What is a statistic?

Exploring the idea of a statistic by simulating dice rolls in R
Author

Max Rohde

Published

December 8, 2020

Introduction

When we collect data from a data-generating process, we can calculate values from that data. These values are called statistics.

Common example include:

  • mean and median (measures of center)
  • variance and IQR (measures of spread)
  • order statistics, such as the minimum and the maximum

We can even create arbitrary statistics that appear to have little use, such as adding only the first and third elements of the data and dividing by 17.

Simulating statistics of dice rolls

As a simple data-generating process, let’s consider rolling 5 dice. Each time we roll, we obtain 5 numbers, each from 1 to 6. We will call each one of these vectors of 5 numbers,

\[ (x_1, x_2, x_3, x_4, x_5) \]

a sample. We then will compute statistics from these samples. The main question we seek to answer is: how are the statistics distributed? When I calculate the mean of 5 dice, what will the most likely result be? We can ask this question about any statistic.

We’ll write a function to roll n dice called roll().

Code
# A function to roll `n` dice
roll <- function(n){
  sample(x = 1:6, size=n, replace=TRUE)
}

Then we’ll use purrr:map() to generate 100,000 rolls of 5 dice.

Code
# Roll 5 dice 100,000 times
data <- map(1:1e5, ~roll(5))

Here’s an example of running the function.

Code
# Look at first three rolls
data[1:3]
[[1]]
[1] 1 5 2 5 6

[[2]]
[1] 5 5 5 1 3

[[3]]
[1] 1 4 6 1 2

For each of these rolls, we can calculate the value of a statistic.

We’ll calculate the following statistics:

  • median
  • mean
  • minimum
  • maximum
  • second order statistic \(X_{(2)}\)
  • range
Code
# Returns the nth order statistic of the sample
order_stat <- function(x, n){
  x <- sort(x)
  return(x[n])
}

# Generate various statistics for each roll
medians <- map_dbl(data, ~median(.x))
means <- map_dbl(data, ~mean(.x))
minimums <- map_dbl(data, ~min(.x))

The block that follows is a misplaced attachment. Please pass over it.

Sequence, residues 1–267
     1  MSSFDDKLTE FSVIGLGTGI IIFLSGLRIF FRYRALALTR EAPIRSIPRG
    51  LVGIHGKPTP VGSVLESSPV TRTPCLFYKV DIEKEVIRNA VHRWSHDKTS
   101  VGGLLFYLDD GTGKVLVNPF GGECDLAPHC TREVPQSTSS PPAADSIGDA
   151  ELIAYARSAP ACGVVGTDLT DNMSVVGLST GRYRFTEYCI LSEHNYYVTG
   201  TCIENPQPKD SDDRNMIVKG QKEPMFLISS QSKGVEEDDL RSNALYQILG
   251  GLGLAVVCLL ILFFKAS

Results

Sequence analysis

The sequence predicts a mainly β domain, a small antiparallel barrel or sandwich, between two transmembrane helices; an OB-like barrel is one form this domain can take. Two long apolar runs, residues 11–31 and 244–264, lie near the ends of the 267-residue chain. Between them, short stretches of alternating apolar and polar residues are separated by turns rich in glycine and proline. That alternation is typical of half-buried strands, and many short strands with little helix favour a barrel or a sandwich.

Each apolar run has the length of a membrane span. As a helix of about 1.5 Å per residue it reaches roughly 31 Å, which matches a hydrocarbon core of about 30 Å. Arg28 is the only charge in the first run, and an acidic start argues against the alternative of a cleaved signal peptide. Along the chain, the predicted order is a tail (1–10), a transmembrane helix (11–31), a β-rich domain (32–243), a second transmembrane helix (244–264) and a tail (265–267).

maximums <- map_dbl(data, ~max(.x))
second_order_stat <- map_dbl(data, ~order_stat(x=.x, n=2))
ranges <- maximums - minimums
Code
# Create a data frame from our computed statistics
df <- tibble(medians, means, minimums, maximums, second_order_stat, ranges)

# Pivot the data into long format for plotting
df <- pivot_longer(df, cols = everything())

Now using the data from our simulation, we can plot the sampling distribution of the each of the statistics.

Code
df$name <- recode(df$name,
  `medians` = "Median",
  `means` = "Mean",
  `minimums` = "Minimum",
  `maximums` = "Maximum",
  `second_order_stat` = "2nd Order Statistic",
  `ranges` = "Range")

df$name <- as.factor(df$name)
df$name <- fct_relevel(df$name,
                       c("Minimum",
                         "2nd Order Statistic",
                         "Maximum",
                         "Range",
                         "Mean",
                         "Median"))

df %>%
  ggplot(aes(x = value)) +
  geom_bar(aes(y = ..prop..),
           width = 0.2, fill = "gray", color = "black") +
  scale_x_continuous(breaks = 0:6) +
  facet_wrap(~name, scales = "free_x") +
  labs(x = "Value",
       y = "Estimated Probability",
       title = "Distribution of various statistics for 100,000 rolls of 5 dice",
       caption = "Monte Carlo estimate with 100,000 simulations") +
  ggthemes::theme_solarized() +
  theme(text = element_text(size = 12, family = "Source Sans Pro"))

A few things to note:

  • Because of averaging, the mean can take on more possible values than the other statistics. Qe can see it taking on the characteristic bell shape of the normal distribution due to the central limit theorem.
  • The median is always a whole number because we are rolling an odd number of dice.
  • Some of these distributions are tedious to work out analytically, and with more complicated data-generating processes there may be no closed form solutions.